“The Jewish Museum Berlin put the curators of the Stadtmuseum in touch with Dr. Intrator who helped in the creation of the exhibit.”
“Joanne Intrator, who traveled from the USA especially for the opening of the exhibition, is pleased to see her family’s painful history honored here.”
Die Jüdische Allgemeine
“Properties featured in the Stolen Heart exhibit “include the headquarters of one company (owned by the Intrator and Berglas families) that in the early 1930s produced about half of all German-made textiles.”
The Wall Street Journal
Joanne Intrator was the driving force behind a prolonged, complex struggle for restitution for 16 Wallstrasse, a center-city Berlin property that the Nazis stole from her family. The history of 16 Wallstrasse has been highlighted in two museum exhibitions, one in Berlin, the other in New York City.
The first exhibit was mounted by the Berlin City Museum (Das Stadtmuseum Berlin). This exhibit was called „Stolen Mitte District (Geraubte Mitte) – The Aryanization of Jewish-owned Property in Berlin’s City Center, 1933 – 1945.”
Major German publications including DER SPIEGEL, DIE ZEIT, and DIE JÜDISCHE ALLGEMEINE ran feature articles about the Geraubte Mitte exhibit.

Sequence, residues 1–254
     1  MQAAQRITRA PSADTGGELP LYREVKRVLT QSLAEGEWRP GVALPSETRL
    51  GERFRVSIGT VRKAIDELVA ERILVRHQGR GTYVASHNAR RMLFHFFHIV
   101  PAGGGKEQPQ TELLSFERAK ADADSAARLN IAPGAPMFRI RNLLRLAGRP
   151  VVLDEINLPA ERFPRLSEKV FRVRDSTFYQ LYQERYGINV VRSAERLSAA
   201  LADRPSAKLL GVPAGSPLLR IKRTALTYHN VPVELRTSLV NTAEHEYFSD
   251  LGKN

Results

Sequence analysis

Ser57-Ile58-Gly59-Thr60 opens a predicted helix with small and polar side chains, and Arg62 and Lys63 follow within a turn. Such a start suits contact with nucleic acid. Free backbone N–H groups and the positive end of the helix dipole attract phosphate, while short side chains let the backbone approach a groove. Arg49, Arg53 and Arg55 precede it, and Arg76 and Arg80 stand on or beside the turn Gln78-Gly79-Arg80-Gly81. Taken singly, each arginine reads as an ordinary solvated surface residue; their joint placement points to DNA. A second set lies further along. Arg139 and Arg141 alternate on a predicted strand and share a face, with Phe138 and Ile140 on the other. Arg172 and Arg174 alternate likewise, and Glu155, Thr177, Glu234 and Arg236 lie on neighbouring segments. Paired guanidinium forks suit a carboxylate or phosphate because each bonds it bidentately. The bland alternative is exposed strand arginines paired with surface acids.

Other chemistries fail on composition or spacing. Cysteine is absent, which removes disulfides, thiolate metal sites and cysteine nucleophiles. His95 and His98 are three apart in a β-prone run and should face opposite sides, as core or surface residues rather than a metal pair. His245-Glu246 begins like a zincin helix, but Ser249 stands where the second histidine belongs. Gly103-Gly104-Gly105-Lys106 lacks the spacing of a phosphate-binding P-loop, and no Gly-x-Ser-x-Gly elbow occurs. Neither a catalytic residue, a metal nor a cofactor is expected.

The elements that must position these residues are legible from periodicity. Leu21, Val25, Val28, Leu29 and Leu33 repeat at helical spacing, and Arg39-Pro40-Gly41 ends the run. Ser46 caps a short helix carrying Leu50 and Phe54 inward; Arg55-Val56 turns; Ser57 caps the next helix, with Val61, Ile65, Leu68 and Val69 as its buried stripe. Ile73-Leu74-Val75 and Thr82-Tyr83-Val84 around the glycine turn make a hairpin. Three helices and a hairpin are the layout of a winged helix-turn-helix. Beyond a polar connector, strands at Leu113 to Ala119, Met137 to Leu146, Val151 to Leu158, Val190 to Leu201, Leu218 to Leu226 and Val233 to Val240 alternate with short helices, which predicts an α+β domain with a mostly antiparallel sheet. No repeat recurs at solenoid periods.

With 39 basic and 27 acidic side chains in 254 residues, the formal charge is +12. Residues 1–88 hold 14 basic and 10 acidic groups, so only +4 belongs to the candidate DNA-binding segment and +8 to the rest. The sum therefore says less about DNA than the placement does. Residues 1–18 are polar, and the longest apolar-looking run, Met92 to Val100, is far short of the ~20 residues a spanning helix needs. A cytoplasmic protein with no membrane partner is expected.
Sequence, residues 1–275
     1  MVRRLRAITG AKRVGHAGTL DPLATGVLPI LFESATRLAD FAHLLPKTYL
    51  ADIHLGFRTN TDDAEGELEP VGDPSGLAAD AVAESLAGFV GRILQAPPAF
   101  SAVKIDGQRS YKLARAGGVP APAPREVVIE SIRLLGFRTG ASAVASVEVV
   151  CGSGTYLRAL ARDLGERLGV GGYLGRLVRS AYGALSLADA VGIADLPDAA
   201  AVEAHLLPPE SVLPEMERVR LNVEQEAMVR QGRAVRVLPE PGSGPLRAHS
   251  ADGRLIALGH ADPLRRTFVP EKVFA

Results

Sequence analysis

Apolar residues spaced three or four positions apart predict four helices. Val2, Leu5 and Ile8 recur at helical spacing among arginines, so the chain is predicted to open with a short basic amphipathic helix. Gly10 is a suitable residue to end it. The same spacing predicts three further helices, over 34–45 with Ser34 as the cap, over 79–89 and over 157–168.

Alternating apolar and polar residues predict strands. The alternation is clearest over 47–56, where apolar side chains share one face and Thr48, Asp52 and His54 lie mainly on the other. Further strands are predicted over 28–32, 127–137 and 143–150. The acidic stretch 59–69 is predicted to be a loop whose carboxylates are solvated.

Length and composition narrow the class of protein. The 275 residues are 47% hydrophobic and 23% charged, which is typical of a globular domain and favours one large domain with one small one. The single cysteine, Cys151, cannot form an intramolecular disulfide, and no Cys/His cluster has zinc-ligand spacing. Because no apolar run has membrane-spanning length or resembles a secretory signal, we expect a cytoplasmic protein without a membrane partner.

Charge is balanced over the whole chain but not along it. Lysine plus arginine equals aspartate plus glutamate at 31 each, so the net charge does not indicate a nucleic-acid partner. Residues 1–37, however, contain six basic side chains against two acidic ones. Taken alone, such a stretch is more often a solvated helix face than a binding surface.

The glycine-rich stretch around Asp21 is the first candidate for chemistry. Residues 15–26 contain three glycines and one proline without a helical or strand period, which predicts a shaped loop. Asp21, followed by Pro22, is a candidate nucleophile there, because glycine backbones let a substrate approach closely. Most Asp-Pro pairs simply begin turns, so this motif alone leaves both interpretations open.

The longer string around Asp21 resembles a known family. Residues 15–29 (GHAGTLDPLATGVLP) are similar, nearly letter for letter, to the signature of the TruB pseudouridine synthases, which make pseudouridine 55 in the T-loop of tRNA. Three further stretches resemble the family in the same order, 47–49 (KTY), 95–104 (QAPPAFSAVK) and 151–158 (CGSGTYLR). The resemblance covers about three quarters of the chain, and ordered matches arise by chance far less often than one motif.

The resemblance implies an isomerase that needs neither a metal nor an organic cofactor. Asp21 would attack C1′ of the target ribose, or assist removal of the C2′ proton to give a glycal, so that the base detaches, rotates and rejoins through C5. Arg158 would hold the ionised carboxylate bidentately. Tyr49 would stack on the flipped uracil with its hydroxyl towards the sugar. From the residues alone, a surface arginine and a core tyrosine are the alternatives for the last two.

The New York City exhibit – called “Stolen Heart” – was hosted by the Leo Baeck Institute within The Center for Jewish History at 15 West 16th Street.
Among major American media reports on the “Stolen Heart” exhibit are Edward Rothstein’s in THE WALL STREET JOURNAL and Paper Love author Sarah Wildman’s in the FORWARD
Video of Stolen Heart Map
Additional photos here
Geraubte Mitte Exhibit
The Shared History Exhibit
Throughout 2021, the Leo Baeck Institute as well as German governmental institutions paid tribute to the 1,700 year history of Jewish people in German-speaking lands.
To Leo Baeck’s online Shared History exhibit, I contributed an essay about the Nazis’ exploitation of my family’s building for the manufacture of yellow star patches.
A travelling version of the Shared History exhibit included a wall panel on the history of my family’s former building at 16 Wallstrasse, Berlin. This traveling version of the Shared History exhibit was first shown inside the Bundestag — Germany’s federal parliament building in Berlin — before moving to the government seats of many different German states.
The Shared History exhibit received substantial coverage in German media.